The new owners of Chateau Montrose, the Bouygues brothers quickly began an intensive renovation project that was completed in time for the 2013 harvest at a cost of close to 55 million Euros! The renovations were designed by the respected architects, Yves Gremont and Bernard Mazieres. One of the key mandates for the renovations was to ensure Chateau Montrose was as green and environmentally conscious as possible. Similar to what was accomplished at Chateau Tronquoy Lalande, Chateau Montrose will obtain as much of its energy though the use of solar, wind and water with the use of a sophisticated geothermal energy systems. To aid in this effort, custom insulation hat is up to three feet thick and windows that are as deep as 1 inch are in place.

Along with the massive improvements and renovations at Chateau Montrose, after purchasing the estate, the new owners brought one of the more popular and revered figures in Bordeaux out of retirement to manage both, Chateau Montrose and Chateau Tronquoy Lalande. Jean Bernard Delmas. Delmas was director of Chateau Haut Brion for decades until he retired and was replaced by his son. The elder Delmas is in charge of both Chateau Tronquoy Lalande and Chateau Montrose. Aside from modernizing the wine making facilities at Chateau Montrose during the renovation, the Bouygues brothers added numerous changes that were environmentally sound at their Medoc estate.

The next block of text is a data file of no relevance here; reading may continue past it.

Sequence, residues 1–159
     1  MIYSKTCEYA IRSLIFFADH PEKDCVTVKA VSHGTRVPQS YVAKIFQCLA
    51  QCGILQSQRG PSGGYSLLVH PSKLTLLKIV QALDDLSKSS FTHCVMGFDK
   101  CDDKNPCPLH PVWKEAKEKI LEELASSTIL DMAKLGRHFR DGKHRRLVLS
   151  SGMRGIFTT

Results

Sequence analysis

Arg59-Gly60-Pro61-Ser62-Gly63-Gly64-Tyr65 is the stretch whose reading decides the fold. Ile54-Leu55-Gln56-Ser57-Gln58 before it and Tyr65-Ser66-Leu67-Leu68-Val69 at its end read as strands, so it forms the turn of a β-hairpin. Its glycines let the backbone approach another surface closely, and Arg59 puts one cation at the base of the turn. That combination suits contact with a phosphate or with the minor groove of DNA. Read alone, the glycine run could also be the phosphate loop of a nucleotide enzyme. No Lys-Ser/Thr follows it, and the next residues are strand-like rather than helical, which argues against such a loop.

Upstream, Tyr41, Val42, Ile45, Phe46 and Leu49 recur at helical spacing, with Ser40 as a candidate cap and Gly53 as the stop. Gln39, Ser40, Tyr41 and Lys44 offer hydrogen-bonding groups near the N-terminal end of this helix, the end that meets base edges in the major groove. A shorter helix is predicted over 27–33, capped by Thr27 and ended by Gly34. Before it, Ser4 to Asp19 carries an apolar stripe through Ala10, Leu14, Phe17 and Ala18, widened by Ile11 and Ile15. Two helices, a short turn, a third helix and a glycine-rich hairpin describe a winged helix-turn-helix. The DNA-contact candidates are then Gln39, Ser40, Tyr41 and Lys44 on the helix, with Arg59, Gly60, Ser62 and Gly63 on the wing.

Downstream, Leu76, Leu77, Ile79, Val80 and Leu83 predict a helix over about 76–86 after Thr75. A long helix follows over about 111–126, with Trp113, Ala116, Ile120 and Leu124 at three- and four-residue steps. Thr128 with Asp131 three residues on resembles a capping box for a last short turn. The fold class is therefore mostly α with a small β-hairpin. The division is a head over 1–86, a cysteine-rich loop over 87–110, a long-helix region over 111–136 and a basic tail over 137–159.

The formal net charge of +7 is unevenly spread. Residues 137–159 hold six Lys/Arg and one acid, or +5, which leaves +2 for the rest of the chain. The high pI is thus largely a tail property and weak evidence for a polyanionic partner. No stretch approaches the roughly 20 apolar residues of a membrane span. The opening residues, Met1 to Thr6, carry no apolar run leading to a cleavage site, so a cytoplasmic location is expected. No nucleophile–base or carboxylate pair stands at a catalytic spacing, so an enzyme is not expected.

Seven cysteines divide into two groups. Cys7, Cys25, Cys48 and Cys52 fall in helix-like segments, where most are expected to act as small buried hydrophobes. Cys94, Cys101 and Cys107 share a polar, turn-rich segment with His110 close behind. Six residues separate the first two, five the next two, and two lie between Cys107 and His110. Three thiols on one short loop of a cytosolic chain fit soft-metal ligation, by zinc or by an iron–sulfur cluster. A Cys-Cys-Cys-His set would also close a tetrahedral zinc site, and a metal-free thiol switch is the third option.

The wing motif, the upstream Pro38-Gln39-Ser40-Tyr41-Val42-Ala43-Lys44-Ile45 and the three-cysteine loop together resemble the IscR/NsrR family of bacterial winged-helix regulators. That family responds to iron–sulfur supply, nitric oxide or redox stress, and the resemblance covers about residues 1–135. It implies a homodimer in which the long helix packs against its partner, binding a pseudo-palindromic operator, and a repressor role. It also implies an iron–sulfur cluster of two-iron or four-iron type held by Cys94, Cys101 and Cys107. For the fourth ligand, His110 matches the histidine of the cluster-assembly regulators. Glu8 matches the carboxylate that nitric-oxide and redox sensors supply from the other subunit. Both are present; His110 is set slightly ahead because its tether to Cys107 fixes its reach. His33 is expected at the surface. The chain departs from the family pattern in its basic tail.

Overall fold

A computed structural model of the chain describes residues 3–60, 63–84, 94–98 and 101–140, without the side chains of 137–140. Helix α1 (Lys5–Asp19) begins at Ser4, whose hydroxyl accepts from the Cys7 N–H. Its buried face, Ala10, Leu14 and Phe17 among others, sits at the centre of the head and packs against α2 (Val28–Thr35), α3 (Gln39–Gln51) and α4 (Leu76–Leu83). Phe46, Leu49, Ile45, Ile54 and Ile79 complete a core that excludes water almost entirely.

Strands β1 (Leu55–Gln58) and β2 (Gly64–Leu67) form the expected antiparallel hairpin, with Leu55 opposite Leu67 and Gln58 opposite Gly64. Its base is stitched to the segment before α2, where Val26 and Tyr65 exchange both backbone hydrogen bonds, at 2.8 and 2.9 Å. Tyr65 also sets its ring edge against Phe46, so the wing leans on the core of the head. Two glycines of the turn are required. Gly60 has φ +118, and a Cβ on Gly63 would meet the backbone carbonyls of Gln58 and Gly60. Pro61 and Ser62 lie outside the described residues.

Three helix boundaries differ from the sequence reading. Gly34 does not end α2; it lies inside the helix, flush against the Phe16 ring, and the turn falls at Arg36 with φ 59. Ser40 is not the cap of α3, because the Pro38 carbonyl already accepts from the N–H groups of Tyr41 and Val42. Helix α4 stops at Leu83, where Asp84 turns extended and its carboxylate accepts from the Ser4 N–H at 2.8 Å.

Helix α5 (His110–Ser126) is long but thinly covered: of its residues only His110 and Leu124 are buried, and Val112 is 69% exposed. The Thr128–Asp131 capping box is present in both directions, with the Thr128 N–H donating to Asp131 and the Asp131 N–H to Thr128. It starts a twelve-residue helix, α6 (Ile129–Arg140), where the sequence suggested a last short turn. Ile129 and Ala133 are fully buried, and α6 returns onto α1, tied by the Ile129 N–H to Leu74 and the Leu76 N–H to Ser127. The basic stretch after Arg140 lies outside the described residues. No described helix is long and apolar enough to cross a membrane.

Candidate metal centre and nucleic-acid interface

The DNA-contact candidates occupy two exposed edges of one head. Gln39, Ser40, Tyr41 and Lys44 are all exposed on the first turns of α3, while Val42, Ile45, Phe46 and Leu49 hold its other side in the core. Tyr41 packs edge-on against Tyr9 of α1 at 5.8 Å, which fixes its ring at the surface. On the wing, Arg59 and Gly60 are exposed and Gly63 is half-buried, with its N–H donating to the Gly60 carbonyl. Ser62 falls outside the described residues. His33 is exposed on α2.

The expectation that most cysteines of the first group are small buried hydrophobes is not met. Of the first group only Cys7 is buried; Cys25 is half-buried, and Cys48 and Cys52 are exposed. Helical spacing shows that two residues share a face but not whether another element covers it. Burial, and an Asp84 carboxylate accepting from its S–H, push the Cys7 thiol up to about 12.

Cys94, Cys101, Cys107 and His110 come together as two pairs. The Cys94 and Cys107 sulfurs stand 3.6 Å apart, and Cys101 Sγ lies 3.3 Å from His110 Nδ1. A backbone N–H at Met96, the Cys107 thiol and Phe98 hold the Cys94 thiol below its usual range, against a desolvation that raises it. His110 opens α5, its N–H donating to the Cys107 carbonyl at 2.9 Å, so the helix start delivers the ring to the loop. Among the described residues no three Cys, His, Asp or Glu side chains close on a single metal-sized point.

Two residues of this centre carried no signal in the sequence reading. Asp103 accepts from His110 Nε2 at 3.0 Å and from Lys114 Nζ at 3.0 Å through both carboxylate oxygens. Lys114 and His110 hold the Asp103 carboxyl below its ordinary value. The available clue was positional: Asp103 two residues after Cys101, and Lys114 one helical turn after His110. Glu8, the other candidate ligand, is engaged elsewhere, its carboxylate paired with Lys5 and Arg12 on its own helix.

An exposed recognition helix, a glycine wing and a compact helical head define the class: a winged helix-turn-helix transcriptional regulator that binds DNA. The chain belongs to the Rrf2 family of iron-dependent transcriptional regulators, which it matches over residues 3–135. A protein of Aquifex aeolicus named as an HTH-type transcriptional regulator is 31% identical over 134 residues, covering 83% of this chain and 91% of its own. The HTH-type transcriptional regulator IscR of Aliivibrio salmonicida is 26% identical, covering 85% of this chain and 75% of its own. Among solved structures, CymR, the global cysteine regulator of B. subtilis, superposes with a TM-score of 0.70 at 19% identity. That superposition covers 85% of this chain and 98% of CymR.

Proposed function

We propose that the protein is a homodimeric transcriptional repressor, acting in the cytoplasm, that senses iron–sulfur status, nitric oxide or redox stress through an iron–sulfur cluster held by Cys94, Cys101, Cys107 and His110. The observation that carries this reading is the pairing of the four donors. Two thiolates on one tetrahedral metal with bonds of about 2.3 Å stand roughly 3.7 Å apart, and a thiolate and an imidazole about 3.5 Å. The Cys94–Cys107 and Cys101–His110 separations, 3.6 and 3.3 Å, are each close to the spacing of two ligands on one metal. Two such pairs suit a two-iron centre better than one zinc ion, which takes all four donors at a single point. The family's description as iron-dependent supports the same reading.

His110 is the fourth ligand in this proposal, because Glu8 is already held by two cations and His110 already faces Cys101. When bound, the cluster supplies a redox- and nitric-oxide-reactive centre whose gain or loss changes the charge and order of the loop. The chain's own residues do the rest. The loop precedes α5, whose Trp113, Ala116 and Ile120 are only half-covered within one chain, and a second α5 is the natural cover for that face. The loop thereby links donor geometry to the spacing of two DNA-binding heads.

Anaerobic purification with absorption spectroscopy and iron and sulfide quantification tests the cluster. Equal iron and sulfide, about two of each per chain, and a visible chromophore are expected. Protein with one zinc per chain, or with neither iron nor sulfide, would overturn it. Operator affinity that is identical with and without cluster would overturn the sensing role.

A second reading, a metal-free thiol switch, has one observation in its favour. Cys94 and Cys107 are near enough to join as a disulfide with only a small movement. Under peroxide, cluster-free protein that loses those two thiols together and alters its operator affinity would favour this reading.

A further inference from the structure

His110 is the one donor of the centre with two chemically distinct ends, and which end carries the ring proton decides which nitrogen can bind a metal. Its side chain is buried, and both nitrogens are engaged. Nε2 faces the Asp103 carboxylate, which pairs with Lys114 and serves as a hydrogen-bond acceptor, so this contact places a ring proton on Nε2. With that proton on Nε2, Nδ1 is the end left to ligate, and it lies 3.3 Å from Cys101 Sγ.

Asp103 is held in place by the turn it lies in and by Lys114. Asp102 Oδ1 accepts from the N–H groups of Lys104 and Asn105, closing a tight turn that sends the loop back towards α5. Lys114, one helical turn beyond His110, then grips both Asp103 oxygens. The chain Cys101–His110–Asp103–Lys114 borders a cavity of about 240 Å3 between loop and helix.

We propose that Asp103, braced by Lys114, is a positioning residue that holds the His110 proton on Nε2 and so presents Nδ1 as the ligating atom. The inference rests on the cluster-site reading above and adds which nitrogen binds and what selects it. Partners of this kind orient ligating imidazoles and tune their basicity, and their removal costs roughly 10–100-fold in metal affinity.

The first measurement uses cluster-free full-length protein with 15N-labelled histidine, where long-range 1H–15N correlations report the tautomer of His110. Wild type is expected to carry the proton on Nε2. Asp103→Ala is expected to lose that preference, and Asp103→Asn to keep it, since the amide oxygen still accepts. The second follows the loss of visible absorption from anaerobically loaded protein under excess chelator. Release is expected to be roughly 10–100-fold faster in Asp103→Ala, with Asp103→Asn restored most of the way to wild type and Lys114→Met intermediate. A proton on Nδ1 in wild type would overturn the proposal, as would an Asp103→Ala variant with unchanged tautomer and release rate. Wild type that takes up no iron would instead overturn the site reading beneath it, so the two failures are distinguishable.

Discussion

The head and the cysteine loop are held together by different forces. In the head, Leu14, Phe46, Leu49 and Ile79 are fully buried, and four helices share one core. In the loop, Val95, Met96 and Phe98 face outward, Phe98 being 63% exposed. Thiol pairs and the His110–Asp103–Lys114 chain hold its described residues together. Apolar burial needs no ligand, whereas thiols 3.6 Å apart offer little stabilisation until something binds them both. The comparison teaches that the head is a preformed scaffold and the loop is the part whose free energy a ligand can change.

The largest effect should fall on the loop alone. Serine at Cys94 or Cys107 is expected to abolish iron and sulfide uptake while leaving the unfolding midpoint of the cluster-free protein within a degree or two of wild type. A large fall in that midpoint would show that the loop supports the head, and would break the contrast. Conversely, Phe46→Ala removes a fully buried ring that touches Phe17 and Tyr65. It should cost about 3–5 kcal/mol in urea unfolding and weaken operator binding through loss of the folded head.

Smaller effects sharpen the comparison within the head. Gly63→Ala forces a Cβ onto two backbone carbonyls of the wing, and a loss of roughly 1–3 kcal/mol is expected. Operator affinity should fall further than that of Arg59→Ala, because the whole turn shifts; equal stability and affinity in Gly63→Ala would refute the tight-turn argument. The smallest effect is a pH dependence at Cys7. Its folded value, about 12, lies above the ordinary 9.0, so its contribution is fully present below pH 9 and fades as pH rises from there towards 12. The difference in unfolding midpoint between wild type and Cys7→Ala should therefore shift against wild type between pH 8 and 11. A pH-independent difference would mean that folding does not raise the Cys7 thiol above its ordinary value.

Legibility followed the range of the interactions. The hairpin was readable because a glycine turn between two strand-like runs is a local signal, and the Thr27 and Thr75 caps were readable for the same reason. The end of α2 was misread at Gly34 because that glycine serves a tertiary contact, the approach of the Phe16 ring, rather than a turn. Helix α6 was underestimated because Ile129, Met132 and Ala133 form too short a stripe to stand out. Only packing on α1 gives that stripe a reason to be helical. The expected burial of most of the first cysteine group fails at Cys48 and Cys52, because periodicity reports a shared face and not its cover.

They installed a geothermal pumping technology that is used for cooling as well as heating. Striving to be as green and energy efficient as possible, they added solar power as well to Chateau Montrose. This was quite a change for the traditional estate.

The 94 hectare Bordeaux vineyard of Chateau Montrose has a terroir of gravel, typical of the St. Estephe appellation with sand and some clay. The vineyard is planted to 60% Cabernet Sauvignon, 32% Merlot, 6% Cabernet Franc and 2% Petit Verdot with vines that are on average close to 40 years of age. The vine density is 9,000 vines per hectare. In 2010, Chateau Montrose purchased 22 hectares of Bordeaux wine vineyards from Phelan Segur. The purchased vines consisted of Merlot, Cabernet Sauvignon and Cabernet Franc. This purchase increased the vineyard of Chateau Montrose up to its current size of 94 hectares. Vines are replaced slowly at Chateau Montrose. On average, the vines reach between 40 and 60 years of age before they are replaced and replanted. The oldest vines date back to 1933! At 94 hectares in a single parcel, it’s relatively unique in Bordeaux.

For the wine of Chateau Montrose, the vinification takes place in 59 temperature controlled, stainless steel tanks of various size. The vats range in size 200 hectoliters to 50 hectoliters. There are 40, 200 hectoliter tanks, 4 130 hectoliter tanks, 9, 100 liter hectoliter tanks, 4, 80 hectoliter tanks and 2 smaller, 50 hectoliter tanks. These 59 tanks allow for more precision during the vinification of Chateeau Montrose. Malolactic fermentation takes place in tank. Frequent pump overs are part of the wine making practices at the estate. The wine of Chateau Montrose is aged in an average of 60% new, French oak barrels for about 18 months. There is a second wine, Le Dame de Montrose.

Chateau Montrose is a powerful Bordeaux wine. It’s big, dense and masculine. At times, the wine can display a barnyard, or horse smell.

Producent Chateau Montrose
Jaar 1995
Appellation Saint Estephe
Climat Nee
Flesgrootte 0,75 L
Aantal flessen 1
Conditie Nee
Waardering 93